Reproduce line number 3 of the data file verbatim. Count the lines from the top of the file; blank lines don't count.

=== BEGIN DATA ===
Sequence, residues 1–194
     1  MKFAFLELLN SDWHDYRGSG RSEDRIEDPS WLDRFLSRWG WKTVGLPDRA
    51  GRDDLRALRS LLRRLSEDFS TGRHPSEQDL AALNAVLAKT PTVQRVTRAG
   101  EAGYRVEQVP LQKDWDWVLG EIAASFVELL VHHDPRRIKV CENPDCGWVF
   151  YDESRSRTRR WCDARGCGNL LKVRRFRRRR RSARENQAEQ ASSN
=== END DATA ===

    51  GRDDLRALRS LLRRLSEDFS TGRHPSEQDL AALNAVLAKT PTVQRVTRAG